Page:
Young people's perspectives on health: empowerment, or risk?

Grace Spencer (School of Nursing, Midwifery and Physiotherapy, The University of Nottingham, Nottingham, UK)

Health Education

ISSN: 0965-4283

Publication date: 15 February 2013



Research to date has identified young people's perspectives on a number of health‐related topics such as smoking, alcohol, sexual health, physical activity and healthy eating. Whilst this body of research draws important attention towards young people's views on topical health concerns, it arguably remains located within a pre‐defined agenda; thereby marginalising young people's own, and potentially different, frames of reference when discussing health. In light of this omission, the aim of this paper is to examine young people's own understandings of health in line with their own frames of reference.


Data were collected from 55 young people aged 15‐16 years through group discussions, individual interviews and observational data in a school and surrounding community settings. Key themes were analysed for their implications for “emic” conceptualisations of health. Young people's perspectives were further compared with accounts given by professionals.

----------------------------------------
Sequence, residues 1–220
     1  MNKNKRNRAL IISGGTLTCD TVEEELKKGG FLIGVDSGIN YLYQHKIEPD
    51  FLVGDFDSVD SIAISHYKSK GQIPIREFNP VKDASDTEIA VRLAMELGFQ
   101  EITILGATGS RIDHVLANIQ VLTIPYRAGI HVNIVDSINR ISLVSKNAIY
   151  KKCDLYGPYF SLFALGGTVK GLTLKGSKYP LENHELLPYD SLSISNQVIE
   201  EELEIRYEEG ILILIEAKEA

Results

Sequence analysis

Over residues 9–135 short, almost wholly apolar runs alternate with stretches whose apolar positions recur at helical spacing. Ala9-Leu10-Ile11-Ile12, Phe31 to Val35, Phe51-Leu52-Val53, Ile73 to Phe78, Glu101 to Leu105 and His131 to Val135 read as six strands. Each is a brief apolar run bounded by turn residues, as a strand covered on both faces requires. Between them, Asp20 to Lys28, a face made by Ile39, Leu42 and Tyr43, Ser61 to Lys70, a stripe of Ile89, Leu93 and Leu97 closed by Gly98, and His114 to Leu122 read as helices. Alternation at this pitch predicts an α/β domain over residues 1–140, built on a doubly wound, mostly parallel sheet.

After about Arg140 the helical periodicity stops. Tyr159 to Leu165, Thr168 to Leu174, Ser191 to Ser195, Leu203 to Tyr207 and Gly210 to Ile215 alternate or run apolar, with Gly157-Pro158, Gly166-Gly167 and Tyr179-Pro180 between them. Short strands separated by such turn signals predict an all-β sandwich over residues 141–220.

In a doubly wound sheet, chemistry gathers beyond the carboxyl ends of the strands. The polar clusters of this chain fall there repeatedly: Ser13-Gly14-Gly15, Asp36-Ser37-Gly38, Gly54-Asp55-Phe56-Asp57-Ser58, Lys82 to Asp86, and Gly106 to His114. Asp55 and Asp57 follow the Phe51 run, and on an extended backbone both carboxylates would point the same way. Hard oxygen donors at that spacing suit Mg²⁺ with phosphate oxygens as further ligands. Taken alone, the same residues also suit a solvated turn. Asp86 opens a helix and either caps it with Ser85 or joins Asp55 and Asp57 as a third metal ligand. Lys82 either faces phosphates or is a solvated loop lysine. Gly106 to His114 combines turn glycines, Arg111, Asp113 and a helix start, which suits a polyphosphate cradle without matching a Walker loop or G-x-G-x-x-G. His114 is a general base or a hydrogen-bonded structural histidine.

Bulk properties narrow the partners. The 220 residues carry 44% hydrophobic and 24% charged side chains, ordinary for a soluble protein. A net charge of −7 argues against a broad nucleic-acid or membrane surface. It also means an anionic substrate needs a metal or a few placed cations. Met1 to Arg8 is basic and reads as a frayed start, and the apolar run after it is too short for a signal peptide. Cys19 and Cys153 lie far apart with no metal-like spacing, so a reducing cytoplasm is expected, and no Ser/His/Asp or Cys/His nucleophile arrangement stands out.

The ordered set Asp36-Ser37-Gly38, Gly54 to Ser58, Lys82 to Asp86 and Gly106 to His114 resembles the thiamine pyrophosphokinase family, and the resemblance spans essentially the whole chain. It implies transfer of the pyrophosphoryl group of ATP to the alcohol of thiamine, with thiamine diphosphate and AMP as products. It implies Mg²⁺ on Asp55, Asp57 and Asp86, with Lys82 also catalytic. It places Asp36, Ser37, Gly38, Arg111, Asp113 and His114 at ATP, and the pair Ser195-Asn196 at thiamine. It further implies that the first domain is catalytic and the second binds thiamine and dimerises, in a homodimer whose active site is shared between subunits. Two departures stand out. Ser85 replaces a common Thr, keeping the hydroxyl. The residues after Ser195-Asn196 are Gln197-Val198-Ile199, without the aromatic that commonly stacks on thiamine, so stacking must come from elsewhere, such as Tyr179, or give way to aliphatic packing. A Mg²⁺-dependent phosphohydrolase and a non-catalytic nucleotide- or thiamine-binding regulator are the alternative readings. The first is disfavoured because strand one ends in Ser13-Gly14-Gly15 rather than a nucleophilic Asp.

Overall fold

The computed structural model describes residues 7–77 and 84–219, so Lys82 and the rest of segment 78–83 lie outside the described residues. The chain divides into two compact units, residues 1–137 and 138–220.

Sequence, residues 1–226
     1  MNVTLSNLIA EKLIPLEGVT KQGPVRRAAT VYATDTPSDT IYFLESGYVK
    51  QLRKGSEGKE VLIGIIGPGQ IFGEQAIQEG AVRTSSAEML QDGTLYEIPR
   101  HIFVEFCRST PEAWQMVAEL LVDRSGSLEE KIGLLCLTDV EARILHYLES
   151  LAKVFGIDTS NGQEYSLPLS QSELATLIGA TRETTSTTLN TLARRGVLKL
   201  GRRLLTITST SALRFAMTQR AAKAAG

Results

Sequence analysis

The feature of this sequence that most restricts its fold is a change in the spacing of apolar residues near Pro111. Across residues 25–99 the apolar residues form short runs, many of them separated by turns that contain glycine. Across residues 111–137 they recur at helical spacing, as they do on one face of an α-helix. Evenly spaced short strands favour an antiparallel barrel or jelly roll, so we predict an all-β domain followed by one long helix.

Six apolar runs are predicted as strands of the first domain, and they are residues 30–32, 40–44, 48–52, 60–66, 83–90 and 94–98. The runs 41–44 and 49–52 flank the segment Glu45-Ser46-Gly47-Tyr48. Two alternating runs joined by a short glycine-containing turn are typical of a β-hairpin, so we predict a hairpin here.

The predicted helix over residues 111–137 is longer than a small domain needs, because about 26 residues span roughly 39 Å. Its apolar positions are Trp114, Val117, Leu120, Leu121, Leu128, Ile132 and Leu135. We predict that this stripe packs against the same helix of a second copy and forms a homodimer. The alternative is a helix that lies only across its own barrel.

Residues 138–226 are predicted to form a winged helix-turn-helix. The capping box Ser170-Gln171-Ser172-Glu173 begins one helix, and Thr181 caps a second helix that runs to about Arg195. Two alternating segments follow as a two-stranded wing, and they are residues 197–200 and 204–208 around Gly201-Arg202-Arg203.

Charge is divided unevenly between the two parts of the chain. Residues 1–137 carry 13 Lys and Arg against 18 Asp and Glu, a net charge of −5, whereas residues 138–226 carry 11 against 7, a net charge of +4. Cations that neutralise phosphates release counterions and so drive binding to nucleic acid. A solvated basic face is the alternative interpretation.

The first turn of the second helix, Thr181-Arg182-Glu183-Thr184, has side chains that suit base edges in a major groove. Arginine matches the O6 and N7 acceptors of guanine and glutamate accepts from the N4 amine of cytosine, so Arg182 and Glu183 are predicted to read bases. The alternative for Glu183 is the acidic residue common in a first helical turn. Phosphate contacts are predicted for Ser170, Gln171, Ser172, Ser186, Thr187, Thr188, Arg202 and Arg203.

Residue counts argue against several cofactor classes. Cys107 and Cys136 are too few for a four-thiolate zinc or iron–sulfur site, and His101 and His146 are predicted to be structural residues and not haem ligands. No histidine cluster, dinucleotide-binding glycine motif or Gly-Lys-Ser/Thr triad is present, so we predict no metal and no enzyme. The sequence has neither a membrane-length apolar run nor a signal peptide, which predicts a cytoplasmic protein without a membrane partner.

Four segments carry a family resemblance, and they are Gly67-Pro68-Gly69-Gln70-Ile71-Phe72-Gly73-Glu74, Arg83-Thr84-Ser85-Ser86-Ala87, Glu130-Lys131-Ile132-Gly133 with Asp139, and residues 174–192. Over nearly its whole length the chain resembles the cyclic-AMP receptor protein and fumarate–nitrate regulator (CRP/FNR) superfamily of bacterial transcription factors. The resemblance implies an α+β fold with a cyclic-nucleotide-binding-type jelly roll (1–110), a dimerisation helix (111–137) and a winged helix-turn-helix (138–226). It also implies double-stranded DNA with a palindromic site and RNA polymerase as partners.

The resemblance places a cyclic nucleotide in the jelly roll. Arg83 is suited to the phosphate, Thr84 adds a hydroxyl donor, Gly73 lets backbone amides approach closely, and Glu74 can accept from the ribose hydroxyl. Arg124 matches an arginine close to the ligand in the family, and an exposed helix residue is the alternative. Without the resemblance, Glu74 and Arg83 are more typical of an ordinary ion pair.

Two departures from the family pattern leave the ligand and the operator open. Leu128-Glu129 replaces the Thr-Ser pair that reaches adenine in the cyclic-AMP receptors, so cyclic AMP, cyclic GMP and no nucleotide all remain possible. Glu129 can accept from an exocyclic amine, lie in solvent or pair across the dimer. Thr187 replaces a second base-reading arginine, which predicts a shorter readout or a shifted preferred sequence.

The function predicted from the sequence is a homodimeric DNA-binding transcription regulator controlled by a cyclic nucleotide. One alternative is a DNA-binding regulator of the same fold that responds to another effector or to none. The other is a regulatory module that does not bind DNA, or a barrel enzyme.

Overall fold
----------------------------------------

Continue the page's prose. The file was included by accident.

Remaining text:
Two key themes emerged from young people's accounts: being happy and having fun. Young people's meanings of being happy highlighted the relational components of developing a positive self‐belief, pointing to a number of socially located prerequisites for promoting their health. Discussions of having fun were understood as potentially liberating, resistive and subversive, but which exist in some tension with adults’ discourses of risk and risk‐taking.


Examining young people's accounts points to the possibility of a more positive discourse on health – opening up new opportunities and insights for health promotion informed by concepts of empowerment.



Spencer, G. (2013), "Young people's perspectives on health: empowerment, or risk?", Health Education, Vol. 113 No. 2, pp. 115-131.

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